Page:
October 23, 2015
from United States District Court for the District of
Minnesota - St. Paul.
United States of America, Plaintiff - Appellee: Carol M.
Kayser, Assistant U.S. Attorney, Steven L. Schleicher, U.S.
ATTORNEY'S OFFICE, Saint Paul, MN; Richard Newberry,
Assistant U.S. Attorney, U.S. ATTORNEY'S OFFICE, District
of Minnesota, Minneapolis, MN.
Jamillo Donte Spight, Defendant - Appellant: Paul Applebaum,
APPLEBAUM LAW FIRM, Saint Paul, MN.
Donte Spight, Defendant - Appellant, Pro se, Pine Knot, KY.
RILEY, Chief Judge, SMITH and SHEPHERD, Circuit Judges.
Donte Spight challenges the sufficiency of the evidence used
to convict him of being a felon in possession of a firearm in
violation of 18 U.S.C. § 922(g)(1). Spight also argues
that the district court should not have admitted
into evidence expert testimony from an ATF agent because
it lacked proper foundation. Additionally, Spight asserts
that his trial counsel provided ineffective assistance by
making an evidentiary stipulation and not adequately
investigating the case. Lastly, Spight contends that the
government failed to disclose exculpatory evidence during
discovery. We affirm.
September 2013, a nightclub security camera recorded Spight
enter the establishment with a loaded handgun. In addition,
several eyewitnesses observed him in possession of the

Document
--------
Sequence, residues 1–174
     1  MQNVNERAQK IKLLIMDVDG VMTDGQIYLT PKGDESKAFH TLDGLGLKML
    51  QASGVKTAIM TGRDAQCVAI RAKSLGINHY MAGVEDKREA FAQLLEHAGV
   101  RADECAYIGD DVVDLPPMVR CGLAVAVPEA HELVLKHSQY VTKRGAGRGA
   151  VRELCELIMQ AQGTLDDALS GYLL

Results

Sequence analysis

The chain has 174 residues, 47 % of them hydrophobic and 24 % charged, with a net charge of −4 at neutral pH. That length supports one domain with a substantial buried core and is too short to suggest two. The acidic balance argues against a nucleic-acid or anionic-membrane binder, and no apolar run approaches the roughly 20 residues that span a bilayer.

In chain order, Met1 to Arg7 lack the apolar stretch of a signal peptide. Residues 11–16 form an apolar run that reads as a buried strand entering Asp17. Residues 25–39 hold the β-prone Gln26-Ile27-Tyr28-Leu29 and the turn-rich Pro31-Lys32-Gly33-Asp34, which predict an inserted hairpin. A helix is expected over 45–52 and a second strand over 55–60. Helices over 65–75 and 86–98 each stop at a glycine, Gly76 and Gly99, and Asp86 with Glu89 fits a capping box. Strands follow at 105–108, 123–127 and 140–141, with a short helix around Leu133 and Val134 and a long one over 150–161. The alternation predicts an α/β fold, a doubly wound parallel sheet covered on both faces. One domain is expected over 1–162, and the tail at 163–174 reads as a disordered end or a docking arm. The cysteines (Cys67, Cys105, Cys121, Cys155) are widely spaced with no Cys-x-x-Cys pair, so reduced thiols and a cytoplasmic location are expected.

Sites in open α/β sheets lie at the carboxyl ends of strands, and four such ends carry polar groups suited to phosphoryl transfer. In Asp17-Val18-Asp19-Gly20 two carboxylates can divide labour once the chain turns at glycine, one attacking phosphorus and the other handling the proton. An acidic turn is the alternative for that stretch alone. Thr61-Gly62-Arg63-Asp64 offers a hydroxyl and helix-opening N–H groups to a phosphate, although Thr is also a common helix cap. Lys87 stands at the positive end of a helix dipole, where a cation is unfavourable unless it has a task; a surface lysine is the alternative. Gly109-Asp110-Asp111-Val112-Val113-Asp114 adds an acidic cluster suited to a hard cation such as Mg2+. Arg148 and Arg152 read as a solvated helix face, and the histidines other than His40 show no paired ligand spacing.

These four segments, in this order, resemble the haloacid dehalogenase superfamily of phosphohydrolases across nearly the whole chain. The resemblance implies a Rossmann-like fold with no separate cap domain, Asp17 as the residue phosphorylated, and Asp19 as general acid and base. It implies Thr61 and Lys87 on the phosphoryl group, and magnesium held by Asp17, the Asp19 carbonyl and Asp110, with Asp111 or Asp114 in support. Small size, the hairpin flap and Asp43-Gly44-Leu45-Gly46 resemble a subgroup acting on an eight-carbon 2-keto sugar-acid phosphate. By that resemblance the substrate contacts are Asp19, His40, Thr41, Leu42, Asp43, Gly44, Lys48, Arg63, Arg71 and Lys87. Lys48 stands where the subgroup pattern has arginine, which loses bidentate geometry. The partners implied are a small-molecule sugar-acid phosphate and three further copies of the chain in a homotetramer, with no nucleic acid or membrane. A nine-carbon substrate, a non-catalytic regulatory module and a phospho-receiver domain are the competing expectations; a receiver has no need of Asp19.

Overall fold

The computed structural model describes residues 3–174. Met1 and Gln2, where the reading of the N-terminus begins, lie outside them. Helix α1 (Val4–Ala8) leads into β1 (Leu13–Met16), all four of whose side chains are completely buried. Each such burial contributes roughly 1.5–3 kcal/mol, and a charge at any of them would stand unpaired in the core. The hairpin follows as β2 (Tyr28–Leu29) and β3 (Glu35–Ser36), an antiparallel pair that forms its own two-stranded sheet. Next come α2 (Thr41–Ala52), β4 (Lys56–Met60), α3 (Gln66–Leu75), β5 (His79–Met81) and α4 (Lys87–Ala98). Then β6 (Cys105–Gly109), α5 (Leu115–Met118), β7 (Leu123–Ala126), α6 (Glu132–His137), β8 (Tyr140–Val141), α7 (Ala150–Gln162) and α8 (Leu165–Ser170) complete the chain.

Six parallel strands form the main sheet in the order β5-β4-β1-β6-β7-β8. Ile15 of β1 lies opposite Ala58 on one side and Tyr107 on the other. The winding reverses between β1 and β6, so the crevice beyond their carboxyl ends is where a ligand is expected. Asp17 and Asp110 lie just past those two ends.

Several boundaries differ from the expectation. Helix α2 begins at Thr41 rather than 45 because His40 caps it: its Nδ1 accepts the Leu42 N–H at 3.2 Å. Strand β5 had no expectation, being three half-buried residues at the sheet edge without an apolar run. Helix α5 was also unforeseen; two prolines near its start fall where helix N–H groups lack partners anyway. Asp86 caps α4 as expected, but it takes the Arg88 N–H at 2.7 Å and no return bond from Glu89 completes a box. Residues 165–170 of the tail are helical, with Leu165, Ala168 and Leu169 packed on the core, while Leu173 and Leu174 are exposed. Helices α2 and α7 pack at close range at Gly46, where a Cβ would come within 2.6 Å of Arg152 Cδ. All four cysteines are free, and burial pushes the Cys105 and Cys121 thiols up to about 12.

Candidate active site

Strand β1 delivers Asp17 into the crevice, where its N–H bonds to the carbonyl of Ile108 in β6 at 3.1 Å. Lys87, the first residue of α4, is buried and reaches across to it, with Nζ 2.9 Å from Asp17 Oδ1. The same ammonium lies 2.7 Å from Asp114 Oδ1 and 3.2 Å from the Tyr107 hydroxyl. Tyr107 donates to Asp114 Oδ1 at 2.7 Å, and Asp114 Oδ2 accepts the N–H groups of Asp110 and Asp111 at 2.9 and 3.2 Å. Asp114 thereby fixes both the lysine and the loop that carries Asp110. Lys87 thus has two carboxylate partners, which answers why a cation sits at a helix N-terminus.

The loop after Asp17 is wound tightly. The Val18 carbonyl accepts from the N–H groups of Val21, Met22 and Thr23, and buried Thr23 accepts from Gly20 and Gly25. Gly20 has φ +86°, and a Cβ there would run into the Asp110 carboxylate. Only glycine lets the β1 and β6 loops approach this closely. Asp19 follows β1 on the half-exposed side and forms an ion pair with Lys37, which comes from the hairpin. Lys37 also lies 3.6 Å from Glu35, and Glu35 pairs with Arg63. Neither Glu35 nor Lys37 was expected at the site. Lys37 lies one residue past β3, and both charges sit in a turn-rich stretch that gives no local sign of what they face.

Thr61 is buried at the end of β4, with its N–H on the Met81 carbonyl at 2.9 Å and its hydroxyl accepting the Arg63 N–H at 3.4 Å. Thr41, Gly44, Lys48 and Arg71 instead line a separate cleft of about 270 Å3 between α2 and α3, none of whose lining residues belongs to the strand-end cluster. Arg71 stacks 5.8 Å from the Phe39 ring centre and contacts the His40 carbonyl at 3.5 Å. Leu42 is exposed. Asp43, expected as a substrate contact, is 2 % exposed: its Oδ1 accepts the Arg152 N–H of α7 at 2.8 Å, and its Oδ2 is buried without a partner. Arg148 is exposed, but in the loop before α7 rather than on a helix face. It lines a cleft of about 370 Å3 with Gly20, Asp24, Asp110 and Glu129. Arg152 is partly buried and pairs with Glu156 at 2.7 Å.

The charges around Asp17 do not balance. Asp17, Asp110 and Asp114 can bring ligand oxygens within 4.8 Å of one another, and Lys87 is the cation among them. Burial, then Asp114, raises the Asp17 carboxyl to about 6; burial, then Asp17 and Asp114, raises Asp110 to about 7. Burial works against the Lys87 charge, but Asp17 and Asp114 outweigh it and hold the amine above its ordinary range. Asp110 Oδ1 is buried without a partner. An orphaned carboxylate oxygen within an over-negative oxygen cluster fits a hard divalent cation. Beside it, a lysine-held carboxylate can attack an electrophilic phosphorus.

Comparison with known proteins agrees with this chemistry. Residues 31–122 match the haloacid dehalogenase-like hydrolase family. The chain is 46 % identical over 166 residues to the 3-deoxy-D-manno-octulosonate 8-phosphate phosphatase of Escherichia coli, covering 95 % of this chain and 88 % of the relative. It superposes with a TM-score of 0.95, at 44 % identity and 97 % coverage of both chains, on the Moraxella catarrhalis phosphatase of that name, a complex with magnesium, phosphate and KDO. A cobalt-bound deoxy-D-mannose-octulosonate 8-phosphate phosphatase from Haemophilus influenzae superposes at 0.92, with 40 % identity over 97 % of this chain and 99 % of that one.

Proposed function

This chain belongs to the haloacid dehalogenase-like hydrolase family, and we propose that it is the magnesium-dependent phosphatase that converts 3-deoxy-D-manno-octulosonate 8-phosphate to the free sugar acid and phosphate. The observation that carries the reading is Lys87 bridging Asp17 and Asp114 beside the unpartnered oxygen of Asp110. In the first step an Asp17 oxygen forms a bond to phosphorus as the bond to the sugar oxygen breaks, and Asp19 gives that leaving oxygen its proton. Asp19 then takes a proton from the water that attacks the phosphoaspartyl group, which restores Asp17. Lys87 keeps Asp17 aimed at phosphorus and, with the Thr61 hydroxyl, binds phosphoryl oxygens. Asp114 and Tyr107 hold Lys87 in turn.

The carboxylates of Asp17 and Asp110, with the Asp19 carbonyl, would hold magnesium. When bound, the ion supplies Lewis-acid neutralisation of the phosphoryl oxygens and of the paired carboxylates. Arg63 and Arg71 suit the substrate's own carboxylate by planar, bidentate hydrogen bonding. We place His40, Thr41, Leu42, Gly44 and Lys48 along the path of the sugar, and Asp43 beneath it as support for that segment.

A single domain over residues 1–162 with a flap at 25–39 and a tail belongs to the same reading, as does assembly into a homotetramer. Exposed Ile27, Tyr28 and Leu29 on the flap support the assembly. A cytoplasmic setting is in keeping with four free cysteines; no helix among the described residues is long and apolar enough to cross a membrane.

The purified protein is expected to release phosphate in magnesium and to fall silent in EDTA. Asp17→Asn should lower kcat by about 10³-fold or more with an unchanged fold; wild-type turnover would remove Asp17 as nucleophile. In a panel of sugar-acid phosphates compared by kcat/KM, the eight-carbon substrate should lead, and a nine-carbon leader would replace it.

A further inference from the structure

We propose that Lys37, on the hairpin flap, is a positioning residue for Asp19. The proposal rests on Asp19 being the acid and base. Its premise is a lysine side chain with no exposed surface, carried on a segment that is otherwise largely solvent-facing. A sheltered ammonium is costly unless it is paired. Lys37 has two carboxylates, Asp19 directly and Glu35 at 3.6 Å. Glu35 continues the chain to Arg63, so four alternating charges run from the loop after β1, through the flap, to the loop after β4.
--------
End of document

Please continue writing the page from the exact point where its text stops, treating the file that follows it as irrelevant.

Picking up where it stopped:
weapon. In fact, an unarmed security guard, Eric Wasson,
wrestled the gun from Spight's grasp. The gun discharged
twice during the scuffle. Fortunately, the shots injured no
one. Wasson then handed the gun to Jonathan Price, the
nightclub's owner, who had rushed to the commotion.
Standing nearby, Annikki Davis, another unarmed security
guard, witnessed the entire incident.
was arrested and charged with unlawful possession of a
firearm in violation of 18 U.S.C. § 922(g)(1). At
Spight's bench trial, Wasson, Price, and Davis testified.
The government also admitted the video from the security
camera. Spight challenged the credibility of both Wasson and
Davis on two bases. First, both witnesses were themselves
convicted felons. The district court " [took] into
account their criminal records" and concluded that
" their testimony was credible with respect to their
observations and identification of [Spight] and their
testimony regarding his possession of a firearm." The
court based its conclusion upon its " evaluation of
their testimony, in light of all of the evidence before the
Court, including the DVD video." Second, Price indicated
that he had helped wrestle the gun from Spight, which
contradicted Wasson's testimony that he took the gun from
Spight and then handed it to Price. On the basis of the video
evidence that supported ...